Exploring the explorer’s mind
An exhibition of Vilhjálmur Stefansson’s diaries and photographs shows that while learning about the Inuit of the Canadian Arctic, he also learned about himself
Noted Icelandic explorer and anthropologist Vilhjálmur Stefansson was often asked if he had reached the North Pole during his frequent travels to the Canadian North.
He replied that he was a scientist, not a tourist.
Known as the “Prophet of the North,” Stefansson changed the popular Southern image of the Arctic, and gave Western audiences a glimpse of the life and culture of the Inuit people who came to be his friends.
Stefansson’s teachings about the Inuit way of life were not well received by his contemporaries in the early 1900s. Many Arctic explorers of the time were more interested in conquering new lands than learning about new cultures.
But his observations are just as relevant today as they were almost 100 years ago, and the crowd gathered at Iqaluit’s Nunatta Sunakkutaangit Museum on Feb. 16 was much more receptive to the message than last century’s audiences.
Until March 31, the museum will host “The Friendly Arctic: Vilhjálmur Stefansson’s Legacy and Vision,” an exhibition of the explorer’s journal entries and hand-coloured photographs. The exhibit is a joint project of Iceland’s Stefansson Arctic Institute and the Stefansson Collection at New Hampshire’s Dartmouth College.
Funding for the Iqaluit exhibition came from the city of Reykjavik, the town of Akureyri and the Icelandic ministry of foreign affairs. Hjalmar Hannesson, Iceland’s ambassador to Canada was in town to open the exhibition.
Controversial, often deliberately provocative, Hannesson said, Stefansson was a man with a touch of genius. He predicted the coming of direct flights over the Arctic and that submarines would one day travel below the frozen Arctic ice.
“He, perhaps more than anyone else, changed the image of the North from a barren eternally frozen wasteland into a region of diverse character which deserves the attention of the international community,” Hannesson said.
“Say that experience is the best teacher, many advocating learning by doing; but I have always been a great believer in having few teachers on my backs. In my time there were no books telling how seals should be hunted, but I had good teachers in the Eskimos… But even better teachers than the Eskimos were the seals themselves.” — Dec. 20, 1906
As an anthropology student at Harvard University, Stefansson began his career as an explorer with expeditions to his homeland in 1904 and 1905. In 1906-07, he made the first of several trips to northern Canada, spending the winter among the Inuit of the Mackenzie Delta.
He spent 10 winters and seven summers in the Canadian northwest, in the area now known as Nunavut. On a trip spanning the years 1908 to 1912, he became the first anthropologist to study the culture and community of the Copper Inuit of Victoria Island. (In 1952, the Canadian government named an island just north of Victoria Island after him.)
“My own constant effort has been acquiring a knowledge of the language – rather it’s nature than of its vocabulary, for I have decided that a pretentious dictionary is not worth attempting.” — Feb. 15, 1912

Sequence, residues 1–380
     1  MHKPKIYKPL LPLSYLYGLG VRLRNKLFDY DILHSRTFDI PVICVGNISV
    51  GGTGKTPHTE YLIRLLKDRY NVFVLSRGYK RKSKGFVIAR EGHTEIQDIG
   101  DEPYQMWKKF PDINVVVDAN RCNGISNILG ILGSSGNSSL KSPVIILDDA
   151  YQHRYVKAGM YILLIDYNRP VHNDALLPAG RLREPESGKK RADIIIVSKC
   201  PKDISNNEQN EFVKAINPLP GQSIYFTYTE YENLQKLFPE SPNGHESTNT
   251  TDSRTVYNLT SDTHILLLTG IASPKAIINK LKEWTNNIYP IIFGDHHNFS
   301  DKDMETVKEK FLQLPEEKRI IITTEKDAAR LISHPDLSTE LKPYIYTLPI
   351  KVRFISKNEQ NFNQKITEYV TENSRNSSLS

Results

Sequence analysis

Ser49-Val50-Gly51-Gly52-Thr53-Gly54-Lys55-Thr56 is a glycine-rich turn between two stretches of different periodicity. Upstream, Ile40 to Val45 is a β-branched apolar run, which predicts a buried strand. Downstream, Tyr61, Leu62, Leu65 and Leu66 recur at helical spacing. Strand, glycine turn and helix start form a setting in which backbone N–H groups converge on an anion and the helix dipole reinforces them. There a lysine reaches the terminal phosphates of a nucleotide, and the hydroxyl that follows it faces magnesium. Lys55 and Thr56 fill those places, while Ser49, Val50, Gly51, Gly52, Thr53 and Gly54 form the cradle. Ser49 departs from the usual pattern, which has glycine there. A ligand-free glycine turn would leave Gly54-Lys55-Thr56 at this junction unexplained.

Stefansson soon became familiar with the Inuit language. He wrote 20 books and almost 400 articles on Arctic topics. His book Hunters of the Great North, as well as a number of articles, describe his stay with the Inuit.
“Marriage relations: It seems to be customary that the man who marries the youngest of only daughter must attach himself to the parent’s family. If he is later unwilling to go where they go, the girl nevertheless goes with her parents.” — March 7, 1907
The explorer lived for a while with an Inuit woman named Fannie Pannigabluk. Stefansson researchers have called her his seamstress, travel companion and ethnographic informant. The couple is reported to have been married in traditional Inuit style, and together had one son, Alex Stefansson.
“Sometimes the doctor is called. He works in the patient’s house and his treatment consists in songs and dances. While he is at work, no one must leave the house, though the doctor himself often goes out, goes around the house and comes in again. The dance ordinarily lasts from about 7 p.m. to 1 a.m. Occasionally it may be longer.” Oct. 8, 1906
For the most part, Stefansson observed the Inuit, their customs and practices. His observations involved taking cephalic measurements, or recording the size of the circumference of the head. He writes that several young boys seemed unconcerned by his strange request to measure their heads, however, his journals do not say what the measurements were used for.
“The knife-fork-and-plate prejudices have left me and my fingers have been fork and dish for some time now.” Dec. 21, 1906
In the course of his 32 million steps, the 32,000 kilometres of Arctic terrain he covered by foot and dog sled, Stefansson struggled with loneliness and despair, researchers maintain, while also feeling affection, friendship and joy.
He found a new home in the North. But when his travels were done, he returned to the United States, where he studied and made his home.
“In a year or two, the Eskimo would go to the traders if the traders did not come to the Eskimo. And if neither Eskimo nor trader had the enterprise to seek the other, the Indians are eager to act as middleman between. Commerce in goods may therefore be said to have begun; commerce of ideas cannot help following close behind.” — April 10, 1910